According to the physician of the Primary Health Centre or Public Health Centre (PHC), TB virus dwells here every where and waits to have an entrance in to the bodies of the workers. Generally the members of each family prepare Bidi sitting together in a circle where one or more TB patients live, who spread the TB virus. This virus later on is inhaled by others and they also become the victims of TB. TB has reached epidemic proportions and spreads through nasochromial infarction. Although, poverty is the chief cause that forces the Bidi workers to become the victims of TB disease even though the industry earns crores of money and also helps the state to earn a lot. The Bidi workers afflicted with TB are very poor and so they can not continue their medicines and as such the disease re-attacks and makes them weak and ill.
Neither medicines nor good food will put an end to the recurrence of this disease, because social awareness and economic rehabilitation are also necessary. It is also noted that in USA, Bidi smoking has been banned. Bidi caused increasing TB and Asthma in the USA.
It is a fact that Bidi is the poor man’s smoke. It also fact that with nearly 85% of the world’s bidi tobacco grown in India and with 70% of tobacco smoked in the country being in the form of bidis, more Indians have now been found to be dying of bidi smoking than from all other forms of tobacco combined. According to the country’s first bidi monograph, for every cigarette, eight bidis are sold in India.
And what’s worse, nearly 2.3% children, aged 13-15 years, have taken to it. Compared to less than 100 billion cigarettes, India produces approximately 700 billion bidis annually, almost all of them consumed locally. While India has 2.9 lakh bidi growers and 44 lakh bidi workers, 50% of them ultimately die of tuberculosis or asthma. Shockingly, children and women constitute 76% to 80% of the total labour force in bidi manufacture, earning anywhere between Rs. 29 and Rs. 64 per 10,000 Bidi rolled. It is also estimated that 10% of all female bidi workers and 5% of all male bidi workers are children under 14, who work 12 to 15 hours a day, 7 days a week without a break. Sometimes, women Bidi workers do this work the whole day after finishing their own household work, with their aged men and women.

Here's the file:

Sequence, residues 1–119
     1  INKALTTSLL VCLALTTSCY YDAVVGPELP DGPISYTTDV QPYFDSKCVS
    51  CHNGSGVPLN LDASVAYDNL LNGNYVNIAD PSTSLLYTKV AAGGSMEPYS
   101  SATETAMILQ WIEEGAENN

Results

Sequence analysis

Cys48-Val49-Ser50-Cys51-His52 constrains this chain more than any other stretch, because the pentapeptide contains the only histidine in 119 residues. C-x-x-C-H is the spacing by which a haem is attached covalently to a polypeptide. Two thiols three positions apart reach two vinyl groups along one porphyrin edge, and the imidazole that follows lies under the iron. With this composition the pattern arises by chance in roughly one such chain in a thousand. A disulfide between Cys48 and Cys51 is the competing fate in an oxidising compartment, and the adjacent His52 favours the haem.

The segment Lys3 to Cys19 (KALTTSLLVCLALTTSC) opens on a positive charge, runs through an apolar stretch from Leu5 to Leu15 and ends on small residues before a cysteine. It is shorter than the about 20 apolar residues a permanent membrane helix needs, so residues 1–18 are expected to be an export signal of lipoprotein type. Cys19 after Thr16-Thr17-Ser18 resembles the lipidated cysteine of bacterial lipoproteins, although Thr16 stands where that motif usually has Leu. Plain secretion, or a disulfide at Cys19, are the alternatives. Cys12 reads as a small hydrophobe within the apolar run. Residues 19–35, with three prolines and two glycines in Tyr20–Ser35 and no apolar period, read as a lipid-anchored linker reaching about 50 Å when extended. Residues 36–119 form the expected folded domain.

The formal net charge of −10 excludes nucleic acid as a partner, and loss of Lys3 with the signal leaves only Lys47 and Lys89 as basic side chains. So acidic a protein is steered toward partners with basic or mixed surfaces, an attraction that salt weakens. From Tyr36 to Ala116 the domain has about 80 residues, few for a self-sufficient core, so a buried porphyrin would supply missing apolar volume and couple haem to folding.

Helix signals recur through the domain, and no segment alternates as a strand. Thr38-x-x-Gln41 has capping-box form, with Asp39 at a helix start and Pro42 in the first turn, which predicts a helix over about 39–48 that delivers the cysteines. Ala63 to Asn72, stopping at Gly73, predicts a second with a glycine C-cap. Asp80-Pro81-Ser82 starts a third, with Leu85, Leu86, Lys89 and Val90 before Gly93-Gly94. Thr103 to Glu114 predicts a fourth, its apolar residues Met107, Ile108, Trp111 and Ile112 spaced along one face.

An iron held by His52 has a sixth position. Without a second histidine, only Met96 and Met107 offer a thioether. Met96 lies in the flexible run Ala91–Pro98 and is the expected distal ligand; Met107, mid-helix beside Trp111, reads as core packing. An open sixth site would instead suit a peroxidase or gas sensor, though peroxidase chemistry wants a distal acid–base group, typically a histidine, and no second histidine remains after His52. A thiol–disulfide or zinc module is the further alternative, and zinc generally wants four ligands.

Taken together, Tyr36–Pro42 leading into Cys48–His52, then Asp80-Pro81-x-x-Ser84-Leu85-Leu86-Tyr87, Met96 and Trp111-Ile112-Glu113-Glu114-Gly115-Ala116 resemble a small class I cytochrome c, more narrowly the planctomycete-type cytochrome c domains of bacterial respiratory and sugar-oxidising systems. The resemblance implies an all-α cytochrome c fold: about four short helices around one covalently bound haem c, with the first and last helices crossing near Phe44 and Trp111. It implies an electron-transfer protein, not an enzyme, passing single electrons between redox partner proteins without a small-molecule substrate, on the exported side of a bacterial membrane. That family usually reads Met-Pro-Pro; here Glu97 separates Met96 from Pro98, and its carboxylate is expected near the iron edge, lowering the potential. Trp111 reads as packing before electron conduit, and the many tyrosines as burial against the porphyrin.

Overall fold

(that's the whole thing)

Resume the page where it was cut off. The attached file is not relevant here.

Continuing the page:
According to the World Health Organisation (WHO) and United States Department of Health and Human Services, Bidi is killing 600,000 people annually in India. India is home to 100 million bidi smokers. At present, 800,000 people die due to tobacco consumption in India, among whom 600,000 should be due to bidis alone.
According to doctors, bidi smoke contains high levels of proven class ‘A’ carcinogens like nitrosamines and toxins like carbon monoxide, ammonia, phenol and hydrogen cyanide. Bidi may contain lesser tobacco than cigarettes – .2 grams, but delivers as much or more tar and nicotine.
Bidi workers with TB are three times more prone to die. According to the Indian Health Department, bidi crop cultivation occupied 35% of the area under tobacco cultivation. Assam, West Bengal, Tripura, Bihar, Orissa, Andhra Pradesh, Tamil Nadu and Karnataka were the epicentres of bidi rolling in India, while Gujarat and Maharashtra were the major suppliers of bidi tobacco leaves.
Annually, 150,000 tonnes of tobacco and 3,00,000 tonnes of Kendu Leaves are used to manufacture bidis. What’s worrying is that bidis are mostly smoked by people in low economic classes. In India, about 19% of tobacco consumption is in the form of cigarettes while 53% is in the form of bidis. This monograph will help us work out useful interventions to curtail bidi smoking habits.